- Communicating with Supervisors, Peers, or Subordinates — Providing information to supervisors, co-workers, and subordinates by telephone, in written form, e-mail, or in person.
- Performing for or Working Directly with the Public — Performing for people or dealing directly with the public. This includes serving customers in restaurants and stores, and receiving clients or guests.
- Processing Information — Compiling, coding, categorizing, calculating, tabulating, auditing, or verifying information or data.
- Communicating with Persons Outside Organization — Communicating with people outside the organization, representing the organization to customers, the public, government, and other external sources. This information can be exchanged in person, in writing, or by telephone or e-mail.
- Identifying Objects, Actions, and Events — Identifying information by categorizing, estimating, recognizing differences or similarities, and detecting changes in circumstances or events.
- Making Decisions and Solving Problems — Analyzing information and evaluating results to choose the best solution and solve problems.
- Establishing and Maintaining Interpersonal Relationships — Developing constructive and cooperative working relationships with others, and maintaining them over time.
- Updating and Using Relevant Knowledge — Keeping up-to-date technically and applying new knowledge to your job.
- Organizing, Planning, and Prioritizing Work — Developing specific goals and plans to prioritize, organize, and accomplish your work.
- Interpreting the Meaning of Information for Others — Translating or explaining what information means and how it can be used.
- Assisting and Caring for Others — Providing personal assistance, medical attention, emotional support, or other personal care to others such as coworkers, customers, or patients.
- Monitor Processes, Materials, or Surroundings — Monitoring and reviewing information from materials, events, or the environment, to detect or assess problems.
- Evaluating Information to Determine Compliance with Standards — Using relevant information and individual judgment to determine whether events or processes comply with laws, regulations, or standards.
- Analyzing Data or Information — Identifying the underlying principles, reasons, or facts of information by breaking down information or data into separate parts.
- Resolving Conflicts and Negotiating with Others — Handling complaints, settling disputes, and resolving grievances and conflicts, or otherwise negotiating with others.
- Performing Administrative Activities — Performing day-to-day administrative tasks such as maintaining information files and processing paperwork.
- Coordinating the Work and Activities of Others — Getting members of a group to work together to accomplish tasks.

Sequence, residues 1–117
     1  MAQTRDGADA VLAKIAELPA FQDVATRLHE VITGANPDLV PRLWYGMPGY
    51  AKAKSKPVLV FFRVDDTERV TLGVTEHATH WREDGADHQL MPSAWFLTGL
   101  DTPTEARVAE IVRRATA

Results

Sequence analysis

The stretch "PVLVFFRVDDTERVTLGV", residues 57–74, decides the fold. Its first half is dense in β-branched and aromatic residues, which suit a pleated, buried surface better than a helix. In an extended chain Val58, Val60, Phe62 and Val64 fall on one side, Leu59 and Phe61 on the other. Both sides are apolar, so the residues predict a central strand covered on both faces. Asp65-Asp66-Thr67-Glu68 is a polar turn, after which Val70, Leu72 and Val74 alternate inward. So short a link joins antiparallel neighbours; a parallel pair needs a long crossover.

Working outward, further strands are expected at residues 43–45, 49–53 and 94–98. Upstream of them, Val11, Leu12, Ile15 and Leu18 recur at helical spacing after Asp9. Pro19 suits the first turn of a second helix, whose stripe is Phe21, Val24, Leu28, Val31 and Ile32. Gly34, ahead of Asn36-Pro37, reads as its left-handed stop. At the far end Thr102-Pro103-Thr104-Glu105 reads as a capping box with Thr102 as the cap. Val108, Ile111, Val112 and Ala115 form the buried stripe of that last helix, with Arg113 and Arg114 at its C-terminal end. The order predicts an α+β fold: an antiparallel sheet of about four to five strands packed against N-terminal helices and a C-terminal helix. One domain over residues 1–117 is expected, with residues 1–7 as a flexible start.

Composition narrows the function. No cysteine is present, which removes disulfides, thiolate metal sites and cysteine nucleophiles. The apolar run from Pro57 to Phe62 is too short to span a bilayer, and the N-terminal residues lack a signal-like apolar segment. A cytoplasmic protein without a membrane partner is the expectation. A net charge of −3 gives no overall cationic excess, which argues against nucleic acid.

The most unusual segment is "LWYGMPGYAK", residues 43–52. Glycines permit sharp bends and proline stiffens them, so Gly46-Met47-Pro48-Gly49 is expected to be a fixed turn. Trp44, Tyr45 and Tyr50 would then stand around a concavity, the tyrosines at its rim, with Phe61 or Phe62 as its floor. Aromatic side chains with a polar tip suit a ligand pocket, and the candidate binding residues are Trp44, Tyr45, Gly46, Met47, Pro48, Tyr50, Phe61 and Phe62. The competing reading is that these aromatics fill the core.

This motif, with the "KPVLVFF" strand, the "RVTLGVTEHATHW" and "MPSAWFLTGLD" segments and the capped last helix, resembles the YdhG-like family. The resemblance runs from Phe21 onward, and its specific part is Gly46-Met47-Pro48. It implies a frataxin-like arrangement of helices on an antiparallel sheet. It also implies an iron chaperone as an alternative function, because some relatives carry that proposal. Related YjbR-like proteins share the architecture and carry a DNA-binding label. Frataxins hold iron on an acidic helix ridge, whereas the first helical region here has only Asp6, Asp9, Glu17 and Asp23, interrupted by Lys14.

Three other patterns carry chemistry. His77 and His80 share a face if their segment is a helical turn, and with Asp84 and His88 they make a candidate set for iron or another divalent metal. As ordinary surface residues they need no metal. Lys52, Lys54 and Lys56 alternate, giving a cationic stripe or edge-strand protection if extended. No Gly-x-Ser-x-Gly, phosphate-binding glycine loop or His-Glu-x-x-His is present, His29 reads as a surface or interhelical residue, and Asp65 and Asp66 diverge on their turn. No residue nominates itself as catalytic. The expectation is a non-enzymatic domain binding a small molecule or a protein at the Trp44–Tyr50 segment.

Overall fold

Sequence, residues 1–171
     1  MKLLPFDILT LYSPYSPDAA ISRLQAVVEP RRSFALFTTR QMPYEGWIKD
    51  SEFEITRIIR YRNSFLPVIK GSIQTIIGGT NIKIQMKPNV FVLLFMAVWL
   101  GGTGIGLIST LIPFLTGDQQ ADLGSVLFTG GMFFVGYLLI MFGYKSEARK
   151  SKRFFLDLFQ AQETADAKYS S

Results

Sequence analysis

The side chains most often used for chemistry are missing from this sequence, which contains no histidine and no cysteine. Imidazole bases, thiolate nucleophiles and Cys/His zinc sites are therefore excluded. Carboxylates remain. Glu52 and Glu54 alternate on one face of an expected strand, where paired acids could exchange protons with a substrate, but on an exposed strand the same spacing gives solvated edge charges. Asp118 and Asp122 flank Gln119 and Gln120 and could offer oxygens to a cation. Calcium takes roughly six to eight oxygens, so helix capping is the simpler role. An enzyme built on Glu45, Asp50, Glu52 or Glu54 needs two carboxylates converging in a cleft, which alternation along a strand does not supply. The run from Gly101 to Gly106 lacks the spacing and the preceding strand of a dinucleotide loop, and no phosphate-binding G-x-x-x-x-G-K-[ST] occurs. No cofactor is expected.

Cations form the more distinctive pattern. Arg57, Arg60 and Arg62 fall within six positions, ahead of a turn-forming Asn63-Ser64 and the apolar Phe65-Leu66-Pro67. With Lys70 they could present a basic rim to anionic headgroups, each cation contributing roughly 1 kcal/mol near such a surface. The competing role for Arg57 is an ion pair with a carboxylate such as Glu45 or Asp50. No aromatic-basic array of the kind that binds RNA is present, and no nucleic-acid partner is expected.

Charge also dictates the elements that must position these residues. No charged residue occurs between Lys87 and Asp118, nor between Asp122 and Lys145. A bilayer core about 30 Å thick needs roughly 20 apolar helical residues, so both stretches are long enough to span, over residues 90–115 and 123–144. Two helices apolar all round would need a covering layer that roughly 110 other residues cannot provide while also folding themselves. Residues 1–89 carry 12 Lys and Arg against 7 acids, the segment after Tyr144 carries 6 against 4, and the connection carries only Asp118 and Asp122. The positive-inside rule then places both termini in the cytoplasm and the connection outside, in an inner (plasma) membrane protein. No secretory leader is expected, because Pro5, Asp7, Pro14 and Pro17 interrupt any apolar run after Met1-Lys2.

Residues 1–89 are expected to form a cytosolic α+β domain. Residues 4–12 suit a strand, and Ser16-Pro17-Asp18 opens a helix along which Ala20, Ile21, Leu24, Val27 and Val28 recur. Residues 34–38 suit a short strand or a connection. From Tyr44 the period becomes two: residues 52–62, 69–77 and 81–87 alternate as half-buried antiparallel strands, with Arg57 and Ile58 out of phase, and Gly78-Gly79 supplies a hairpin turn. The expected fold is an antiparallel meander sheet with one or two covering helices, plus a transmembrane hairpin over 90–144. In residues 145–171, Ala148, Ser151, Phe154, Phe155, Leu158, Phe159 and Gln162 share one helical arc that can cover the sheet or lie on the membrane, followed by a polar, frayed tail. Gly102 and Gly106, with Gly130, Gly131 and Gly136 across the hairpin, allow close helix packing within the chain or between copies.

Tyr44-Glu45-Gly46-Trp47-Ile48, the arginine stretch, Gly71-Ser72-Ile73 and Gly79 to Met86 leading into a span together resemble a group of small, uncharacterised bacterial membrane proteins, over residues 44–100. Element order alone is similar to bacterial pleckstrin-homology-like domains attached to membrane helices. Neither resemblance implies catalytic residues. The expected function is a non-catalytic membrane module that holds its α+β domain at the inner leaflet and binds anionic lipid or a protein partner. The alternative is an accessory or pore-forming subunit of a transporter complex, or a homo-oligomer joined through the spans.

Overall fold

- Judging the Qualities of Things, Services, or People — Assessing the value, importance, or quality of things or people.
- Training and Teaching Others — Identifying the educational needs of others, developing formal educational or training programs or classes, and teaching or instructing others.
Detailed Work Activities
- Enter information into databases or software programs.
- Answer telephones to direct calls or provide information.
- Discuss goods or services information with customers or patrons.
- Operate communications equipment or systems.
- Coordinate operational activities.
- Maintain security.
- Maintain call records.
- Operate vehicles or material-moving equipment.
- Monitor equipment operation to ensure proper functioning.
- Search files, databases or reference materials to obtain needed information.
- Report maintenance or equipment problems to appropriate personnel.
- Confer with coworkers to coordinate work activities.
- Monitor alarm systems.
- Relay information between personnel.
- Refer customers to appropriate personnel.
- Maintain current knowledge related to work activities.
- Adjust office equipment to ensure proper operation.
- Telephone — 100% responded “Every day.”
- Contact With Others — 94% responded “Constant contact with others.”
- Deal With External Customers — 90% responded “Extremely important.”
- Importance of Being Exact or Accurate — 89% responded “Extremely important.”
- Spend Time Sitting — 94% responded “Continually or almost continually.”
- Frequency of Decision Making — 90% responded “Every day.”
- Impact of Decisions on Co-workers or Company Results — 86% responded “Very important results.”
- Work With Work Group or Team — 83% responded “Extremely important.”
- Deal With Unpleasant or Angry People — 78% responded “Every day.”
- Face-to-Face Discussions — 84% responded “Every day.”
- Importance of Repeating Same Tasks — 76% responded “Extremely important.”
- Indoors, Environmentally Controlled — 88% responded “Every day.”
- Spend Time Using Your Hands to Handle, Control, or Feel Objects, Tools, or Controls — 76% responded “Continually or almost continually.”
- Consequence of Error — 85% responded “Extremely serious.”
- Spend Time Making Repetitive Motions — 71% responded “Continually or almost continually.”
- Frequency of Conflict Situations — 65% responded “Every day.”
- Coordinate or Lead Others — 45% responded “Extremely important.”
- Responsible for Others' Health and Safety — 69% responded “Very high responsibility.”
- Freedom to Make Decisions — 48% responded “A lot of freedom.”
- Structured versus Unstructured Work — 44% responded “A lot of freedom.”
- Responsibility for Outcomes and Results — 46% responded “Very high responsibility.”
- Duration of Typical Work Week — 65% responded “40 hours.”
- Time Pressure — 61% responded “Every day.”